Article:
How to Create a Graphical Abstract for your Science Manuscript?

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Long time no see, but I have been drafting two manuscripts during the Covid-19 lockdown. The first one is about my 2020 postdoctoral project at the Physics Institute of BUAP (IFUAP), and the other one comes as a collaboration with my last research group at IER-UNAM. Both works are related to the synthesis of new materials for energy conversion, solar cell development, and numerical simulation using SCAPS-1D.

At this stage, the writing process and discussion with my coworkers have almost come to an end. However, one of the requirements to submit the manuscript to the journal is to include a graphical abstract separately. This figure will only be visible online on the journal’s webpage to catch the reader’s attention. Therefore, success in creating a graphical abstract could bring you more opportunities for citation of your publication.

Sometimes the advisor will say, “Send me the graphical abstract as soon as possible.” However, they usually do not teach us how to do it. That is one of the reasons you are here reading this post. I need to confess; I am in that situation. Therefore, come with me to see how to solve this problem.

1. What is a graphical abstract?

According to the editorial ELSEVIER, the graphical abstract is a visual summary of the main results of your work. This graphic could include figures of your manuscript even you can design a unique image for this purpose. As I said before, the graphical abstract aims to catch the reader’s attention at first glance.

When we do literature research, we immerse in a ton of digital publications; then, content curation is necessary to decide which papers are essential to read. Thinking about that, we should design the graphical abstract to show our work’s relevance to readers.

2. Look out for the Guidelines

Figure: Guidelines from ELSEVIER for a graphical abstract

It is possible you will not require a graphical abstract. However, it depends on the editorial where you are thinking of submitting your work. Therefore, do not forget to review the journal guidelines. Nowadays, in 2020 most of the research papers are published online. Thus more and more editorials will ask you to include a graphical abstract.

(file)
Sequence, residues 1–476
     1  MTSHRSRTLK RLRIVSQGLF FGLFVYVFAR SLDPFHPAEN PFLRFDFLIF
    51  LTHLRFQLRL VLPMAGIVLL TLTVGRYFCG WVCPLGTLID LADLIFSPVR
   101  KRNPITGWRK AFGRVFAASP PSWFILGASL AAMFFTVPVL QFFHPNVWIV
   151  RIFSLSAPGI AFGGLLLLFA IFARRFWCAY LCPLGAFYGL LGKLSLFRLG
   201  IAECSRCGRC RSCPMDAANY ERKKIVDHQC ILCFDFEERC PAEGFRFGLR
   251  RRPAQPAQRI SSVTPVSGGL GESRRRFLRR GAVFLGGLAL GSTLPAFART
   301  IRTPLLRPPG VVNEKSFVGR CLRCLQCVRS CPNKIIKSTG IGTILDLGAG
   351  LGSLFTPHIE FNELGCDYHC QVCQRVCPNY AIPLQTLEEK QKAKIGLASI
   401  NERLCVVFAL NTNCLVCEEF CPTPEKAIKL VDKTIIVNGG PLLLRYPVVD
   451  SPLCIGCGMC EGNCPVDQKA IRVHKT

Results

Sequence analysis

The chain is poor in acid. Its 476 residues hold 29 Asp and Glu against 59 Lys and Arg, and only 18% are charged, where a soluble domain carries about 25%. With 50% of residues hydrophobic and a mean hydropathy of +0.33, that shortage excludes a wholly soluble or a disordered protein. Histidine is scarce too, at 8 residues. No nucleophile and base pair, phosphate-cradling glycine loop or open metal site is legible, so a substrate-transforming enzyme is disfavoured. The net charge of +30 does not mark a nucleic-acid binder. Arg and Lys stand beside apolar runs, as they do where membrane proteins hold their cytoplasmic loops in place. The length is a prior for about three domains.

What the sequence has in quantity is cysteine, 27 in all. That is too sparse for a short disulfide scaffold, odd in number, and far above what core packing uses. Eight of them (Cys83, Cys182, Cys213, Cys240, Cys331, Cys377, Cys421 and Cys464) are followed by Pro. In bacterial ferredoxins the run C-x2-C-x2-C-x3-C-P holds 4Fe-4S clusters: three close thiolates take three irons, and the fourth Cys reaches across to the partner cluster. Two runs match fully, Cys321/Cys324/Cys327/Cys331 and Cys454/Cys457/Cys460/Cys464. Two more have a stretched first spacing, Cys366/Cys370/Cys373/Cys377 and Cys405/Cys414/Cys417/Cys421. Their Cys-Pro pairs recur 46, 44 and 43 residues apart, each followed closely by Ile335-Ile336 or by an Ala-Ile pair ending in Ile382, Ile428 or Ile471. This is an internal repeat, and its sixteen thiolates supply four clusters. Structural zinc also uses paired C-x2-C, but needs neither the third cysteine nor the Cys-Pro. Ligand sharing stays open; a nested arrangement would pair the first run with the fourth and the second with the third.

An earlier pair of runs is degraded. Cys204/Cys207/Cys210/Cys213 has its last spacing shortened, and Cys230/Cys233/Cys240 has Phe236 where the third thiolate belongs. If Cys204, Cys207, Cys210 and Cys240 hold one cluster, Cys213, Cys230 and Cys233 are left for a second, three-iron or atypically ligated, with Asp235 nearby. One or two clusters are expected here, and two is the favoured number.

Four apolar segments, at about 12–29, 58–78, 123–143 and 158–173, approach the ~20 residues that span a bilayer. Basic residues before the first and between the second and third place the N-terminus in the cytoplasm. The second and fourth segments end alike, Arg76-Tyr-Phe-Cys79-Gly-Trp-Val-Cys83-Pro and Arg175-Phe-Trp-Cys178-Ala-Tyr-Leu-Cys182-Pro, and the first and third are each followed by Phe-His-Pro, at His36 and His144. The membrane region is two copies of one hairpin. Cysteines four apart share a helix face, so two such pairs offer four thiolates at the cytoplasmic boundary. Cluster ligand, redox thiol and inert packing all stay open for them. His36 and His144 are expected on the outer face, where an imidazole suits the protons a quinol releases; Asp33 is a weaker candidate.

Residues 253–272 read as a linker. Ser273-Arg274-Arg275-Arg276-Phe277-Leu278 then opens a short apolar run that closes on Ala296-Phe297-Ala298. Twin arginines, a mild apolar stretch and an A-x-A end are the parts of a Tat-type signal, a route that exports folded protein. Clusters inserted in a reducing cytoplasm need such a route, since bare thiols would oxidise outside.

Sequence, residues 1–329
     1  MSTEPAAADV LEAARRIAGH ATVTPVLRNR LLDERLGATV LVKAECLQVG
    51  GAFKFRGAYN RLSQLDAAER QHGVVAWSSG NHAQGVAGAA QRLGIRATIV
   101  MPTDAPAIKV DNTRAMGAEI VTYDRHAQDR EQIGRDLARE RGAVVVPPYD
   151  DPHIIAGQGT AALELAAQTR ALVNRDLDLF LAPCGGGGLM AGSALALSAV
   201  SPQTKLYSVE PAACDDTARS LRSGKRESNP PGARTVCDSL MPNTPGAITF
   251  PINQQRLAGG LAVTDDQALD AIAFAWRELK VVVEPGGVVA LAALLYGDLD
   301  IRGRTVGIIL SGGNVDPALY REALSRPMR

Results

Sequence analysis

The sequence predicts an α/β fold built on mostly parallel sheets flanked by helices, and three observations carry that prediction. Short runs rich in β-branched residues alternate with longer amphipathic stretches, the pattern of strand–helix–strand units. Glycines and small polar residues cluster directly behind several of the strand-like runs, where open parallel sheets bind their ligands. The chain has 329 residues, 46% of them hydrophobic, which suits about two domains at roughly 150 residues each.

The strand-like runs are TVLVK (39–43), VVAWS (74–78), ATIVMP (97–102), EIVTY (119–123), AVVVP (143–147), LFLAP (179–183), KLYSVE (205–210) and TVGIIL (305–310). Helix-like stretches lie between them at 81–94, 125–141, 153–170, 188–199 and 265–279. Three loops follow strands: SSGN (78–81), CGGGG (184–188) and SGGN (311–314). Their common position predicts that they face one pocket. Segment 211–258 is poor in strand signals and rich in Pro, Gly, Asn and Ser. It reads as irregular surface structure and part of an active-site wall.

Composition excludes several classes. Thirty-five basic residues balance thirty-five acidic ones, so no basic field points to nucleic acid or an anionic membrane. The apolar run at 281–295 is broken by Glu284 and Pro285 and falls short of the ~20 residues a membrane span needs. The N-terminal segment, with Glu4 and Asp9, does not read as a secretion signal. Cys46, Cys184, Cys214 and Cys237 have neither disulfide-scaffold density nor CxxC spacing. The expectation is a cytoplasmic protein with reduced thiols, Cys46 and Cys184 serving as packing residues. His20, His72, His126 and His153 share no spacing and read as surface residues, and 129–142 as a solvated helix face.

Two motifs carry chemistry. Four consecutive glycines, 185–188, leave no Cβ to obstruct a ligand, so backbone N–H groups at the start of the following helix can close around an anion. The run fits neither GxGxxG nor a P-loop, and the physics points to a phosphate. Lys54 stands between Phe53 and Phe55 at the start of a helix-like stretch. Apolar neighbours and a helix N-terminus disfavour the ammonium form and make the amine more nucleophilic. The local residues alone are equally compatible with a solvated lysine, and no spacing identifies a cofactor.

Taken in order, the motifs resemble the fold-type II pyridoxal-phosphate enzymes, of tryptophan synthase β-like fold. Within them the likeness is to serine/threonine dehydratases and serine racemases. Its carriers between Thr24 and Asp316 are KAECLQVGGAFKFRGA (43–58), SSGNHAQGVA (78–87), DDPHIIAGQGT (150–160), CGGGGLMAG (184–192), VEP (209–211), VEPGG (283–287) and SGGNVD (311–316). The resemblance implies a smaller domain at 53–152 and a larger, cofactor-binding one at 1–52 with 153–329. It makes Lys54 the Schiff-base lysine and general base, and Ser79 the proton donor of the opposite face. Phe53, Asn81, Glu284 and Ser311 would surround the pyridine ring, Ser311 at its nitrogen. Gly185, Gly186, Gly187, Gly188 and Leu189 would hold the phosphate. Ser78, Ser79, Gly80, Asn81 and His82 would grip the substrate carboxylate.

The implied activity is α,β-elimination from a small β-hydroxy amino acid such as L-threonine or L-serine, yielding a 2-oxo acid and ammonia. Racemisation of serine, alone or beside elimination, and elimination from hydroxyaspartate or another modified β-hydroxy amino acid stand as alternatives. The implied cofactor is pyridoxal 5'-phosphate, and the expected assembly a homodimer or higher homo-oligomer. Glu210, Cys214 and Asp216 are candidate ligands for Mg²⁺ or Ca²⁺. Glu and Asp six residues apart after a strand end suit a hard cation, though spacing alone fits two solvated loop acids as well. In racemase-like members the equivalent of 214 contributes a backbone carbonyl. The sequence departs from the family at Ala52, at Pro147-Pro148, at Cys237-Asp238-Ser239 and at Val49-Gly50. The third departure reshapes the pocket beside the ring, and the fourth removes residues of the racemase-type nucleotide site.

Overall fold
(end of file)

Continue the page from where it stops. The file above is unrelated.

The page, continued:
The guidelines are not strict, but we should follow them to succeed in the publication. As my colleagues said. “Don’t give the editors a reason for rejection.” Here are the most important guidelines I found:

  • File type: The most commons are PDF, EPS, TIFF, and MS-Files.
  • Image size: Keep a 2×5 ratio (width x height) with a 300 dpi resolution. For example, ELSEVIER asks for a minimum of 531 x 1328 pixels file.
  • Font: You should use just basic fonts like Arial, Times, Courier, and Symbol.
  • No additional text: This means they recommend only graphic labels and no further explanation.

3. Avoid Copyright issues

This topic is critical because we are creating content, and we should respect every copyright image published on the web. Not everybody has digital designing skills, but when you download an image, please do not copy and paste directly on your graphical abstract. If you are thinking of using web images, edit the graphics, change orientation, colors, or even re-create it on your own.

The easiest way is to use only figures that are in your manuscript. With this strategy, you will avoid any possible copyright issues. Remember, your manuscript is an original work and every aspect that is not from your authorship should be cited.

4. Drafting the graphical abstract

Now, we are ready to draft our graphical abstract. In my case, my manuscript is about the synthesis of a thin film semiconductor, optoelectrical characterization, and the probe of concept by numerical simulation. Thus, in the below Figure, I divided the draft into three sections: Synthesis -> Properties -> Simulation.

It is crucial to present the information from left to right and from top to down. This way, we are trying to tell the whole story from beginning to end. Now, the challenge is to use computer software to place the essential figures taking care of unnecessary content.

Figure 1. Paper and pencil to draft the graphical abstract

5. Software

Drawig the graphical, here you can use a vector image editor. For example, I use a software called Graphic for Mac, which allows me to draw the basics geometrical forms, insert text, and export to the recommended image file types. However, if you don’t own a vector editor, you can use the PowerPoint editor and submit the .pptx file.

Figure. Graphic for Mac is a vector image editor that I use for drafting images.

6. Examples

Title: Direct solution deposition of device quality Sb2S3-xSex films for high efficiency solar cells

Finally is your turn. Let’s design our graphical abstract. I hope this information will be useful for your current work.

Remember, you can share your experiences in the comments below.

Jesus Capistran

Developing thin-film solar cells

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